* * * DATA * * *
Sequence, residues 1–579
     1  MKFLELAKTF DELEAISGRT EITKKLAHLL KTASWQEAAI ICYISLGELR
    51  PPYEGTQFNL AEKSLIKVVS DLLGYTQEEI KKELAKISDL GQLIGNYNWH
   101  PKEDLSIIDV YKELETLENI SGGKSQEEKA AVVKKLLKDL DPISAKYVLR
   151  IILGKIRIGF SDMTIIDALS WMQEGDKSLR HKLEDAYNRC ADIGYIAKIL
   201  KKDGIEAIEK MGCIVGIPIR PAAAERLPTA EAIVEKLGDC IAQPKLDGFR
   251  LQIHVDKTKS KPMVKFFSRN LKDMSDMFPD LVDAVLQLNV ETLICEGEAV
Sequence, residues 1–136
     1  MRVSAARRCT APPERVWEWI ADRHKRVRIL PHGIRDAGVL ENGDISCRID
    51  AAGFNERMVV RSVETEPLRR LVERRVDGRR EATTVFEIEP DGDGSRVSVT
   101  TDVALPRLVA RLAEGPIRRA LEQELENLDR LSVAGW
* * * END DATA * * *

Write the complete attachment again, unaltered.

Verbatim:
Sequence, residues 1–579
     1  MKFLELAKTF DELEAISGRT EITKKLAHLL KTASWQEAAI ICYISLGELR
    51  PPYEGTQFNL AEKSLIKVVS DLLGYTQEEI KKELAKISDL GQLIGNYNWH
   101  PKEDLSIIDV YKELETLENI SGGKSQEEKA AVVKKLLKDL DPISAKYVLR
   151  IILGKIRIGF SDMTIIDALS WMQEGDKSLR HKLEDAYNRC ADIGYIAKIL
   201  KKDGIEAIEK MGCIVGIPIR PAAAERLPTA EAIVEKLGDC IAQPKLDGFR
   251  LQIHVDKTKS KPMVKFFSRN LKDMSDMFPD LVDAVLQLNV ETLICEGEAV
Sequence, residues 1–136
     1  MRVSAARRCT APPERVWEWI ADRHKRVRIL PHGIRDAGVL ENGDISCRID
    51  AAGFNERMVV RSVETEPLRR LVERRVDGRR EATTVFEIEP DGDGSRVSVT
   101  TDVALPRLVA RLAEGPIRRA LEQELENLDR LSVAGW